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Boost Nutrition in Your Recipes & Meals

Boost Nutrition in Your Recipes & Meals

There are many ways to boost the nutritional power in your recipes and meals by simple changes and additions to your family favorites.

ACTIVITY BYTES

Wondering how you and your kids can fit in more physical activity? Start by getting outside and playing with them!

Revived Recipes!

To improve the nutrients in your recipes, consider using higher-fiber foods, foods with plenty of vitamins and minerals as well as ingredients with less sugar, sodium and saturated/trans fat.

Cooking method: Steaming, baking, broiling, barbequing, grilling, and stir frying are excellent ways to cook your food since they require minimal fat to be added. Non-stick pans and non-stick oil spray are ideal for your healthy kitchen!

 

Reduce an Ingredient: Recipes often call for more sugar, salt, or fat to be added than what is needed. Try reducing 1/3 or ½ of the amount called for in a recipe. For example if a recipe calls for 1 tsp of salt in muffins – use ½ tsp or if a recipe calls for 1 cup of sugar try 2/3 cup of sugar instead. If your kids love sugary cereal try to wean them off by mixing it half and half with a lower sugar cereal. To reduce saturated fat use stronger cheese, so you can use less without sacrificing flavour. In casseroles and lasagnas skip the grated cheese in the middle where its flavor may get lost and add a single layer on the top.

Substitute an Ingredient: If a recipe calls for white flour try substituting 1/2 the amount or more for whole wheat or barley flour to boost the fibre and vitamins of your recipe. If a muffin/loaf recipe calls for ½ cup of oil try using ¼ cup applesauce and ¼ cup of oil instead. If a recipe calls for white rice or white pasta try brown/wild rice or whole wheat pasta. If a recipe calls for regular ground beef, marbled meat or poultry with skin choose leaner varieties of meat and remove the skin on poultry. In soups that call for cream try using milk or canned evaporated milk.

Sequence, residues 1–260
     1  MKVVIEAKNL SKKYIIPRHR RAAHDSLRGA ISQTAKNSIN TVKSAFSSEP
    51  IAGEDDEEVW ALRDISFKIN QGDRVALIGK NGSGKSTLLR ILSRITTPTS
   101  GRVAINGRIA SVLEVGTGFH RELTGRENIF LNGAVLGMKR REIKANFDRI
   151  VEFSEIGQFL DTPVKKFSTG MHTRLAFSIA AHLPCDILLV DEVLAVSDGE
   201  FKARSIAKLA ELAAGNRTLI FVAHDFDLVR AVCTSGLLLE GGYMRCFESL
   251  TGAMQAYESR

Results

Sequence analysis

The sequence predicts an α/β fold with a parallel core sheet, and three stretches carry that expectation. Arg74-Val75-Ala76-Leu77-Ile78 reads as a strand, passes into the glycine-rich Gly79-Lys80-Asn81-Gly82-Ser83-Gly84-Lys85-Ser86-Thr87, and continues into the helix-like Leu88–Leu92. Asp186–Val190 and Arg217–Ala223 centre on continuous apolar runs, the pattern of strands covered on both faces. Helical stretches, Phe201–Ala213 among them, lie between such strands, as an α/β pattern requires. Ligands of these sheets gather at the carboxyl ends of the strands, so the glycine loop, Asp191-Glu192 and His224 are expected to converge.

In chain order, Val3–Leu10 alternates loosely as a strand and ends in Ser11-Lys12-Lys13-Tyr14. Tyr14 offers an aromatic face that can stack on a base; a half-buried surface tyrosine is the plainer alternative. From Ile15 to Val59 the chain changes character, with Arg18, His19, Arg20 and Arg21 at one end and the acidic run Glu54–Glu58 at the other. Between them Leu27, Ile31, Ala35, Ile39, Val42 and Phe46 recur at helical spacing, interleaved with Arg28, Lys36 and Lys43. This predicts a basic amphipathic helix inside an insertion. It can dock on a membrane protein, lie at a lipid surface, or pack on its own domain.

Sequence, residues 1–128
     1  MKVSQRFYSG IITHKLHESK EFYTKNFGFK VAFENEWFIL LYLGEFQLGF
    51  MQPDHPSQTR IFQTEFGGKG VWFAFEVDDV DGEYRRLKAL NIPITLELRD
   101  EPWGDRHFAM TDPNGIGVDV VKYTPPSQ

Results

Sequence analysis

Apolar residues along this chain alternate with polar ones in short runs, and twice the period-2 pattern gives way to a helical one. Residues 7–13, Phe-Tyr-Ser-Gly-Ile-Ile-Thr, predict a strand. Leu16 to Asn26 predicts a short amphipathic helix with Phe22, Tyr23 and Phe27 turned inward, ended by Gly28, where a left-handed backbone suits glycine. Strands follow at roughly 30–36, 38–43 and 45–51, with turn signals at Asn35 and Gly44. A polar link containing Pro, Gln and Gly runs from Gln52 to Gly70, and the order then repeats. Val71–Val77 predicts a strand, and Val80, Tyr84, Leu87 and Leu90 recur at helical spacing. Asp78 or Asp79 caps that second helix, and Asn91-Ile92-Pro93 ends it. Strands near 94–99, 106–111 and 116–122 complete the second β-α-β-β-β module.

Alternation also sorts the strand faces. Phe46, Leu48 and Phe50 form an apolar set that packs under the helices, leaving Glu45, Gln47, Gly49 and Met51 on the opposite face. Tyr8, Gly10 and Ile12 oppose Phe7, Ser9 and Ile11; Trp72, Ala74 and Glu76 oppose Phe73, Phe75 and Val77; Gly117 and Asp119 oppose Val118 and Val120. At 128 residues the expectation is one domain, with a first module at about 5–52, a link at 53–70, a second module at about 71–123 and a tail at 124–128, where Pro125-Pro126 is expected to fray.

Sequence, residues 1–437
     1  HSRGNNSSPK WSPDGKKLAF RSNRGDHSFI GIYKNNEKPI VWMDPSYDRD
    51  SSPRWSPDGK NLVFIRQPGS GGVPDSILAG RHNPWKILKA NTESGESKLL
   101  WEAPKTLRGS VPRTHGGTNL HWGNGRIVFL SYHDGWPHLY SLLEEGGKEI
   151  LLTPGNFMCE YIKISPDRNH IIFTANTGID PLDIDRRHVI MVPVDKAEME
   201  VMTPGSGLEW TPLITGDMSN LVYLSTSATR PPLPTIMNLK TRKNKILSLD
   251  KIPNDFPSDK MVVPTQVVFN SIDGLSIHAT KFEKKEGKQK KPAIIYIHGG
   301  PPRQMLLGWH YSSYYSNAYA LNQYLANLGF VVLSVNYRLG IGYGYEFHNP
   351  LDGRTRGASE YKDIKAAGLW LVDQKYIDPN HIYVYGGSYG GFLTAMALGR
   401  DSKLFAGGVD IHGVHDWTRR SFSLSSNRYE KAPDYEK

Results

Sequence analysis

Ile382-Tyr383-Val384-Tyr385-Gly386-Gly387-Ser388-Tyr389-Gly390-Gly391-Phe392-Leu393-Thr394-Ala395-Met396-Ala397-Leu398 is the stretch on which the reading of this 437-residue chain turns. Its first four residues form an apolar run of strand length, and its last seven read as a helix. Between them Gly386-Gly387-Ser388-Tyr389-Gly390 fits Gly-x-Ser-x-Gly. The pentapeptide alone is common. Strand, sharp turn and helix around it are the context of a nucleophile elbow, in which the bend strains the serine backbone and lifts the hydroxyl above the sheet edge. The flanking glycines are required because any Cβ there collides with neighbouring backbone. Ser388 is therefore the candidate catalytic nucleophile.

Increase an Ingredient: Since many people fall short on their vegetable intake, try doubling up on the veggies in your stir-fry, soup or stew. And since beans/lentils/chick peas and other legumes are excellent fibre-rich and vitamin -loaded foods, take a traditional family chili or soup recipe and add an extra can of them. Add more fresh fish, non-battered frozen seafood, or canned seafood into your meals to boost heart healthy omega-3 fats.

Maximized Meals!

When thinking about breakfast, lunch, and supper, to help simplify meal planning think about choosing three things for balance. This will help ensure you get a good variety of the nutrients you need to keep you healthy as well as provide sustained energy and fullness throughout the day.

3-Part Meal Checklist:

Grains/Starches: such as pasta, rice, potatoes, cold/hot cereals, bread, wraps, pitas and other grains. These foods provide carbohydrates which are like “gasoline” for your brain and muscles to give you energy. These foods also provide fibre and many vitamins & minerals.

Vegetables and/or Fruit: such as fresh/frozen fruit, canned/dried fruit, raw/cooked veggies, salads, unsweetened juices and more! In addition to carbohydrates, vegetables and fruits are nutritional powerhouses rich in health promoting antioxidants, vitamins and fibre.

Protein: such as seafood, canned fish, poultry, meat, legumes, tofu, cheese, milk, yogurt, nuts and others. Protein is an essential part of a meal to help promote fullness and sustained energy. Protein rich foods are also important for muscle repair and supply good sources of many vitamins and minerals such as iron.